Anyone who has been missing President Bush's optimism and Duke Wayne swagger in his second term got a happy surprise on July 11, when the president announced that the federal budget deficit for fiscal year 2006 would come in $127 billion below the projections made in February. Surging tax revenues, said Bush, had cut an expected $423 billion deficit down to $296 billion. The icing on the cake: The nation is one year ahead of schedule in its goal to cut the budget deficit in half.
The new data announcement was hailed as good news, at least before the catastrophe in Israel and Lebanon punted it off the front page. But appearances can be misleading.
Unfortunately, this deficit reduction cannot be attributed to any spending cuts by the president…or even a modicum of spending restraint. Spending has increased by 45 percent since 2001, with homeland security and defense spending accounting for less than one third of the hike. Rather, the reduction is mainly the result of strong economic growth, which increased tax revenue. In fact, extra revenue makes up 90 percent of the $127 billion reduction. Economists' rosiest predictions about the 2003 supply-side tax cuts turned out to be right on the mark. Lower tax rates increased incentives to work, save and invest, and as a result the economy has grown faster. As the economy grows, tax revenues increase.
Looking closely at these figures, we see one overriding characteristic of this deficit reduction: Americans are sending more money to Washington. Overall nominal tax revenues—$2.4 billion—are up 11.4 percent in 2006 from their 2005 level. And tax revenues in 2006 are projected at 18.3 percent of GDP—instead of 17.5 percent. This is slightly above the 18.1 percent average for the last 50 years. And according to the Congressional Budget Office, in the first nine months of 2006 tax revenue have climbed by $206 billion and "that increase represents the second-highest rate of growth for that nine month period in the past 25 years." In other words, Americans are prospering but they are also paying more taxes.
How can that be? Aren't Americans paying taxes at lower rates? Not necessarily. As Cato Institute budget expert Alan Reynolds recently noted, "reductions in marginal tax rates may induce people to alter their taxable income in many ways: Entrepreneurs may start more businesses, spouses of high-bracket taxpayers may rejoin the labor force, those previously working in the underground cash economy may take jobs that require taxes to be paid, skilled professionals and managers may work harder and retire later, executives may negotiate for cash rather than perks, high-income investors may hold fewer tax-exempt bonds and trade stocks more frequently, taxpayers may not try so hard to maximize tax deductions and adjustments." These taxpayers end up reporting more income, which pushes them into higher tax brackets and exposes them to a greater tax liability—even though the rate in that bracket is lower than it was before the cut.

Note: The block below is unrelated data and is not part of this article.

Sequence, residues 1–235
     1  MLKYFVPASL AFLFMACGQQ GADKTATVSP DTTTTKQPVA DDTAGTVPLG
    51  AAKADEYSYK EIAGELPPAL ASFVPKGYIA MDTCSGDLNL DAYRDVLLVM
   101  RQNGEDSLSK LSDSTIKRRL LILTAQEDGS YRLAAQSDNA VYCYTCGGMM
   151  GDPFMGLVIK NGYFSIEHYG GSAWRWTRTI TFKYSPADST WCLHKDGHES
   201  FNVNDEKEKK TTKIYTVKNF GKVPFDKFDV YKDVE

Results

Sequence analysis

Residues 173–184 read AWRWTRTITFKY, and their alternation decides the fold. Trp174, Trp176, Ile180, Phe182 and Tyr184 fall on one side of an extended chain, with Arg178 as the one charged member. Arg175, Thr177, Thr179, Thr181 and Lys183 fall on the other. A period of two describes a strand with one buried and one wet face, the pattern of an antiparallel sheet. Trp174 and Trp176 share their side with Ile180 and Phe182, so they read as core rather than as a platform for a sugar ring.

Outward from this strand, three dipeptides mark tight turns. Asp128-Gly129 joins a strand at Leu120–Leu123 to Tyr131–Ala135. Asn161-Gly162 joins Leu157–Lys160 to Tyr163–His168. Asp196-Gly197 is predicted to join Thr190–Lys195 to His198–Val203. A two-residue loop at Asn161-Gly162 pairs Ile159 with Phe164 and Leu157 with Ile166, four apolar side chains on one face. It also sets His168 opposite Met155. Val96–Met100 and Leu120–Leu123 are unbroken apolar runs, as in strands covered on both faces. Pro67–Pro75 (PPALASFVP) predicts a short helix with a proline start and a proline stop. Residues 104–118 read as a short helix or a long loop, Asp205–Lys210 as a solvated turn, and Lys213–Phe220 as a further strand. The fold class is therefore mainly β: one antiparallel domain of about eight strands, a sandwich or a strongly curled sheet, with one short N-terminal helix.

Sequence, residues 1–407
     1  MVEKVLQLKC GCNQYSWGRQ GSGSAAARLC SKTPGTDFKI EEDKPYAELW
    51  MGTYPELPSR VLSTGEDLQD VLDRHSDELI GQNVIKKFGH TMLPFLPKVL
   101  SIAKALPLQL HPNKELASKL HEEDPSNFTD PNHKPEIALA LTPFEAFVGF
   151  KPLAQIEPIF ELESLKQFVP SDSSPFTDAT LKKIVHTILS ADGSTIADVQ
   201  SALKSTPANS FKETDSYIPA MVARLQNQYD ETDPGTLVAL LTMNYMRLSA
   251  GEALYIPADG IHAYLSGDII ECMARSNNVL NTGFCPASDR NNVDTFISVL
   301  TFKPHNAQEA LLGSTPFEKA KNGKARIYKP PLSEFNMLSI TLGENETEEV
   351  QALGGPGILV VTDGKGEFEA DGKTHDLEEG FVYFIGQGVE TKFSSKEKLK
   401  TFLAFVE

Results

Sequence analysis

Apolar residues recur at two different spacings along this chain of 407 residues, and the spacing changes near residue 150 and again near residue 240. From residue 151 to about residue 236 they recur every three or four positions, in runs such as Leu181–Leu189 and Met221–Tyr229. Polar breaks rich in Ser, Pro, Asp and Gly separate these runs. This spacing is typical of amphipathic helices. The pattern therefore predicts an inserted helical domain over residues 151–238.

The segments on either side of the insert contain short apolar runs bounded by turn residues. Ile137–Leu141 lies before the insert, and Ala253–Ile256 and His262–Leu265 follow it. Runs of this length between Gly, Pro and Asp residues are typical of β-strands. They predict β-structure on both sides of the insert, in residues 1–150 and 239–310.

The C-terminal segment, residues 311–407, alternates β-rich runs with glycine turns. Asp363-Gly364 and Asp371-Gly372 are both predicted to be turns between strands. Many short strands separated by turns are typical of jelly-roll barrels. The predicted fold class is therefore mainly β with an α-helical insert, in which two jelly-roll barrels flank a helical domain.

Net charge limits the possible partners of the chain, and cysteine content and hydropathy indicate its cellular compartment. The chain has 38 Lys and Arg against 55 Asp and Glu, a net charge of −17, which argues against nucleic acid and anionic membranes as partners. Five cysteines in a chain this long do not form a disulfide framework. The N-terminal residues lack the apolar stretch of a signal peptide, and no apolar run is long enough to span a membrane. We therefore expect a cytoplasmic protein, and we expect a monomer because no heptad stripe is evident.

But there is a problem. The surge in tax revenue is masking the effects of reckless federal spending. At $2.696 trillion, projected outlays for 2006 are at record levels. And with outlays growing about three times the rate of inflation, there is no sign that the profligacy of Bush's first term is dissipating.
The White House tries to provide a positive spin. It argues that outlays are now estimated to be $12 billion lower than February's estimates. According to President Bush, that is a sign of this administration's commitment to fiscal discipline. However, a quick look at the numbers reveals that the lower estimate of 2006 outlays results mainly from reductions in the projected growth rates for Medicare and Medicaid. These aren't much-needed spending cuts in these two programs: they are only slightly slower rates of expansion. Medicare alone is growing at a rate of 15.5 percent in 2006.
Overall federal spending has increased by almost 9.1 percent in 2006. That's not just the steepest increase since George W. Bush moved into the White House. It's the steepest since 1990. And thanks to the GOP majority's prescription drug benefit and inability to reform Social Security, federal spending will grow even faster in the future. Unfortunately, the recent deficit reduction relieves Bush from any pressure he might have had to start cutting his budget.
All things considered, this is why it is a serious mistake to focus our attention on the budget deficit. The size of the deficit is the wrong measure of fiscal responsibility. Congress and the White House should focus on reducing the size of government, not just the share that is financed by borrowing.
If this administration were really serious about fiscal discipline, it would do two things: insist on cutting taxes until we reach the point where Americans are actually sending less money to Washington (in other words, seek the growth-maximizing point on the Laffer Curve, not the revenue-maximizing point), and cut spending to stop that tax revenue from being squandered on pork and bureaucratic bloat. Until then, the GOP will remain the tax-and-spend party. And that should give President Bush some pause before he announces more good news.